Two days after Christmas, 1986, Richard Wood, Sandra Williams and her 4-year-old son Larry McMillan returned home to find James Wilkens inside their home, armed with a .22-caliber rifle.  Wilkens, a former boyfriend of Sandra's, shot Richard as he entered the home and then shot the little boy while he was sitting on the couch.  He chased Sandra from the house and shot her in the hip as she ran for help but she made it to the home of a neighbor who called police.  Sandra was 2 months pregnant when she was shot, survived her injury and identified Wilkens as the assailant.  Wilkens had a prior conviction for robbery and had served just over a year of a 5-year sentence before being released on mandatory supervision. UPDATE: Apologizing profusely and repeatedly asking forgiveness, convicted killer James Wilkens Jr. was put to death Wednesday night for a shooting spree that claimed the lives of his ex-girlfriend's 4-year-old son and her new boyfriend almost 15 years ago in Tyler. "I am sorry. Please hear me. Please understand. In the name of God, please forgive me," he said, looking at Sandra Williams, the mother of the 4-year-old killed in the rampage. Only Williams, shot in the back, survived. "Find peace and comfort. I am sorry. For your sake, forgive me, all of you," he said, looking at Williams and the child's two grandfathers, who also witnessed the execution. Then he turned to several friends who also were witnesses and expressed love to them and thanked them for "giving me more than I deserve." Then Wilkens prayed, asking God to forgive "the horror I have committed." After telling the warden he was ready to go and urging that "God be with all of you,'" he exhaled once, gasped a couple of times and slipped into unconsciousness as the drugs took effect. Wilkens was already on parole after serving 14 months of a five-year sentence for robbery when he was arrested a day after the child, Larry McMillan Jr., was shot 13 times as he cried on a couch. Also killed in the rampage two days after Christmas 1986 was Richard Wood, 28. Wood was dating Wilkens' former girlfriend. According to testimony at his trial, Wilkens broke into Wood's empty trailer home and waited until Wood and Williams and the child returned from an out-of-town holiday trip. All three were shot when the apparently jealous and enraged Wilkens opened fire with a .22-caliber semiautomatic rifle. "The first thing that goes through my mind is the picture of Larry McMillan Jr. sitting on the couch with a toothbrush in his mouth with several bullet holes in him that Wilkens had fired at point-blank range," Smith County District Attorney Jack Skeen said. "I can still see him slumped over with the bullet holes in him. A 4-year-old boy. It was just horrible." Wilkens pleaded innocent, contending he was insane at the time of the attack. "There was no question about his competency," Skeen said. "It was just a story. He was sitting there and waiting. He just ambushed them. It was like: bang! bang! He just waited and executed."  Wilkens, who declined to speak with reporters in the weeks leading up to his execution, said in a 1992 death row interview, "In all honesty, as God as my witness, I do not remember. I went nuts, to tell you the truth. I remember some, not all. It's very bizarre. I had killed them so many times in my mind, it was a dream. I didn't know reality." A Smith County jury in 1988 convicted Wilkens of capital murder and decided he should be put to death. The Texas Court of Criminal Appeals, however, reversed the conviction and sentence in 1992, saying psychological testimony improperly was admitted during the punishment phase of the trial. He was tried a second time the following year, telling a jury he heard voices and envisioned Wood as his abusive father. The second jury wasn't swayed, convicting him and also deciding he should be executed. "My son didn't get a second chance," Williams, now Sandra Carpenter, said this week. Carpenter, who testified against Wilkens at each trial, had to have a section of her intestine removed because of her injuries. She said she also continues to suffer from post-traumatic stress syndrome. "It doesn't let you forget," she said. "I wish it did. I hate him for it." The U.S. Supreme Court two weeks ago refused to review Wilkens' case and federal appeals courts rejected late requests seeking to halt the execution.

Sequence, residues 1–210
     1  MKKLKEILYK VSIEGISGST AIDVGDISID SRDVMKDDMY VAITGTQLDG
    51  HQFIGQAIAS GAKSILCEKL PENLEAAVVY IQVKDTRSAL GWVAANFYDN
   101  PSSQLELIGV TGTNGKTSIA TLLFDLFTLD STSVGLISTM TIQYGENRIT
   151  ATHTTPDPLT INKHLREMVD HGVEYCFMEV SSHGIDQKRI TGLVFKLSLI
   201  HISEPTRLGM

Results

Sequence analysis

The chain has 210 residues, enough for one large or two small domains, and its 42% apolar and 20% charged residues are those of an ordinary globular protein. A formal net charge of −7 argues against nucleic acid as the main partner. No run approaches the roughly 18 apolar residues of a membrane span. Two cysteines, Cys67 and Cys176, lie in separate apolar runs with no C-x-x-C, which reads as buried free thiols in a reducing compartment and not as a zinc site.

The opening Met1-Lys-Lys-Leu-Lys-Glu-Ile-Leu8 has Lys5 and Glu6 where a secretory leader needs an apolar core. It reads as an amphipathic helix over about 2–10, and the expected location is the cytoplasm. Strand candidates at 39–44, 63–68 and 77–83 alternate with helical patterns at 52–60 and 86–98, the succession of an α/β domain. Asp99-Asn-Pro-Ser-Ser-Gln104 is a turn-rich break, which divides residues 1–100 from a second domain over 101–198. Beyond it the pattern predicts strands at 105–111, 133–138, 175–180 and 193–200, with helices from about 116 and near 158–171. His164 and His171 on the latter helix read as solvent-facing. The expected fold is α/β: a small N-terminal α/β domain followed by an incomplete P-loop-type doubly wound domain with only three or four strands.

Date of scheduled execution State Victim name Inmate name Status